my professor said that we can transform the reflexive Finally, Globally and Until into irreflexive Finally, Globally, Until.

Can someone explain me this?

For irreflexive Finally we have $w \models F^+ \varphi$ if $\exists i >= 1: w^{(i)} \models \varphi$ For irreflexive Globally we have $w \models G^+ \varphi$ if $\forall i >= 1: w^{(i)} \models \varphi$ For irreflexive Finally we have $w \models \varphi_1 U^+ \varphi_2$ if $\exists i >= 1: w^{(i)} \models \varphi_2$ and $\forall j, 1 \leq j < i w^{(i)} \models \varphi_1$

  • 1
    $\begingroup$ Are you allowed to use the next operator $X$? $\endgroup$ Commented Nov 28, 2019 at 6:32
  • $\begingroup$ Yeah thought about that. Actually i have $X$F = F, irreflexive $\endgroup$
    – comrade
    Commented Nov 28, 2019 at 6:38
  • $\begingroup$ But is it a right notation? I know i have just to set the i +1 . If i do it this way how am i able to do it backwards like F= ......F, irr ? In maths i can divide by $X$ but what's the complement for ltl to do that $\endgroup$
    – comrade
    Commented Nov 28, 2019 at 6:40
  • $\begingroup$ is $\neg X$ equal to -1 ? haha $\endgroup$
    – comrade
    Commented Nov 28, 2019 at 6:42

1 Answer 1


Sorry, I misread your question at first as wanting to express the irreflexive variant using the reflexive variant (which could be done with the next operator). You don't actually need the next for the other direction.

I'm making the following assumption: By $w^{(i)}$ you mean the suffix of $w$ starting at the $i$ symbol, so for $w = w_0 w_1 w_2 \dots$, you have $w^{(i)} = w_i w_{i+1} w_{i+2} ...$

Then for all $w \in L$, you have:

  1. $w \models F\varphi \Leftrightarrow w \models \varphi \lor F^+ \varphi$.

  2. $w \models G \varphi \Leftrightarrow w \models \varphi \land G^+ \varphi$.

  3. $w \models \varphi_1 U \varphi_2 \Leftrightarrow w \models \varphi_2 \lor (\varphi_1 \land (\varphi_1 U^+ \varphi_2))$.

If you want to show this formally, it follows directly from the definitions:

For 1. you have:

$\begin{align*}w \models F \varphi &\Leftrightarrow \exists i \geq 0: w^{(i)} \models \varphi \\ &\Leftrightarrow \exists i > 0: w^{(i)} \models \varphi \quad \text{ or } \quad w^{(0)} \models \varphi \\ &\Leftrightarrow w \models F^+\varphi \text{ or } w \models \varphi \\ &\Leftrightarrow w \models \varphi \lor F^+\varphi \end{align*}$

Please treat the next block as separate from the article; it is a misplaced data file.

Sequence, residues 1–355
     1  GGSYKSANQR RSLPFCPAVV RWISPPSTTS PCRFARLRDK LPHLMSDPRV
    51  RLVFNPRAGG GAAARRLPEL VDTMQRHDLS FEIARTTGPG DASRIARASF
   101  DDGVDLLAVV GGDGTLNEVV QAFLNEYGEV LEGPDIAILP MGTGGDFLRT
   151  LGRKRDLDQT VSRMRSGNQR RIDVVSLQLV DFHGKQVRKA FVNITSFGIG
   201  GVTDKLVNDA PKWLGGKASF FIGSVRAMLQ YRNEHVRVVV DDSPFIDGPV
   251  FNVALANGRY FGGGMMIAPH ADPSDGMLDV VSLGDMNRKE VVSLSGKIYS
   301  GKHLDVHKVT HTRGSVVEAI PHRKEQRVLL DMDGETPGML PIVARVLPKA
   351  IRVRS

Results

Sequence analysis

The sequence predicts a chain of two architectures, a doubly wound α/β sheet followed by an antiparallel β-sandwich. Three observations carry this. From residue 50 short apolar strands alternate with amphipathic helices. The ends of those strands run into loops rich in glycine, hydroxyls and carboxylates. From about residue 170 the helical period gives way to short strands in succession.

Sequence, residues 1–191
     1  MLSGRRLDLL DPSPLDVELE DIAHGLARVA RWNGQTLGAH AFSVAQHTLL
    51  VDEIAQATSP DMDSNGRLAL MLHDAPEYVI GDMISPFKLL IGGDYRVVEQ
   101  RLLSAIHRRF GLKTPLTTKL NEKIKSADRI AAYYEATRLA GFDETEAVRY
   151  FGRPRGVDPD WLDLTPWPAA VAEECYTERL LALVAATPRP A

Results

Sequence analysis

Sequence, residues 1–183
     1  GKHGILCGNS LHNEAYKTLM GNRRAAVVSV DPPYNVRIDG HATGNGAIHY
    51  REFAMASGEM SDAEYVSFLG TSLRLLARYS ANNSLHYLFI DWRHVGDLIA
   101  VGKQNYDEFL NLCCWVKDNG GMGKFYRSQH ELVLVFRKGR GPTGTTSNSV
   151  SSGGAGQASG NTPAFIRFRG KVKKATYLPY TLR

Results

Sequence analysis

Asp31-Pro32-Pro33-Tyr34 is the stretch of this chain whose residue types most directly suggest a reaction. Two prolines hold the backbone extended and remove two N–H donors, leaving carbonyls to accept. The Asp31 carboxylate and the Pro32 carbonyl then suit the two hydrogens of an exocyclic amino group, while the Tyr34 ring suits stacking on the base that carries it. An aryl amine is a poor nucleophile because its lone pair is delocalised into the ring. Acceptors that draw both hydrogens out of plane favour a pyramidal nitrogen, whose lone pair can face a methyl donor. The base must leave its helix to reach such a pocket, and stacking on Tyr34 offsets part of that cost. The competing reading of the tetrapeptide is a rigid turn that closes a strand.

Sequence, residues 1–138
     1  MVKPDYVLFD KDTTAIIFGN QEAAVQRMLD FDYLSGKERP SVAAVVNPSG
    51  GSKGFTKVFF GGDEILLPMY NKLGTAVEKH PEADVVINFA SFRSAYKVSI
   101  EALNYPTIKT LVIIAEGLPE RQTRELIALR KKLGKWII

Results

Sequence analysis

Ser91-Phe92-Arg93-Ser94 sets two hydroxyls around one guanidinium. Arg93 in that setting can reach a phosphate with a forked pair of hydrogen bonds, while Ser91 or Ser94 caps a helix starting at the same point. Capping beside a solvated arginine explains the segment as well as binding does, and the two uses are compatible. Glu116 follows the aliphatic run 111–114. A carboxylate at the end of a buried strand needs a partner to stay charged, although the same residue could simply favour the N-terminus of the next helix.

The argument for 2. is symmetric to 1.

For 3. you have (pay attention to $\leq$ vs $<$):

$\begin{align*}w \models \varphi_1 U \varphi_2 \Leftrightarrow & \exists i \geq 0 \forall 0 \leq j < i: w^{(j)} \models \varphi_1, w^{(i)} \models \varphi_2 \\ \Leftrightarrow & \exists i > 0 \forall0 \leq j < i: w^{(j)} \models \varphi_1 , w^{(i)} \models \varphi_2 \quad \text{ or } \quad w^{(0)} \models \varphi_2\\ \Leftrightarrow (& \exists i > 0 \forall0 < j < i: w^{(j)} \models \varphi_1 , w^{(i)} \models \varphi_2 \quad \text{ and } \quad w^{(0)} \models \varphi_1) \quad \text{ or } \quad w^{(0)} \models \varphi_2 \\ \Leftrightarrow (&w \models \varphi_1 U^+ \varphi_2 \quad \text{ and } \quad w \models \varphi_1 )\quad \text{ or } \quad w \models \varphi_2 \\ \Leftrightarrow & w \models \varphi_2 \lor (\varphi_1 \land (\varphi_1 U^+ \varphi_2))\end{align*}$

If you would have wanted to do the other direction, as I thought initially:

  1. $w \models F^+ \varphi \Leftrightarrow w \models XF \varphi$

  2. $w \models G^+ \varphi \Leftrightarrow w \models XG \varphi$

  3. $w \models \varphi_1 U^+ \varphi_2 \Leftrightarrow w \models X(\varphi_1 U \varphi_2)$.

To show this formally, the argument would be similar to before.

When you combine both directions, this transformation is sometimes referred to as "unrolling", i.e. expanding $F \varphi \equiv \varphi \lor X F\varphi \equiv \varphi \lor X \varphi \lor XXF \varphi \equiv ...$ and $G \varphi \equiv \varphi \land XG \varphi \equiv \varphi \land X \varphi \land XXG \varphi \equiv ...$ etc.

Regarding your comment (not 100% sure if you were joking): $\lnot X$ is not $-1$ or "going backwards". You have $w \models \lnot X \varphi \Leftrightarrow w^{(1)} \not \models \varphi$. In other words, if you think in terms of Kripke structures and of $w$ as the vertex-label sequence of a path in this transition system, then $\lnot X \varphi$ means "in the next state, $\varphi$ does not hold".


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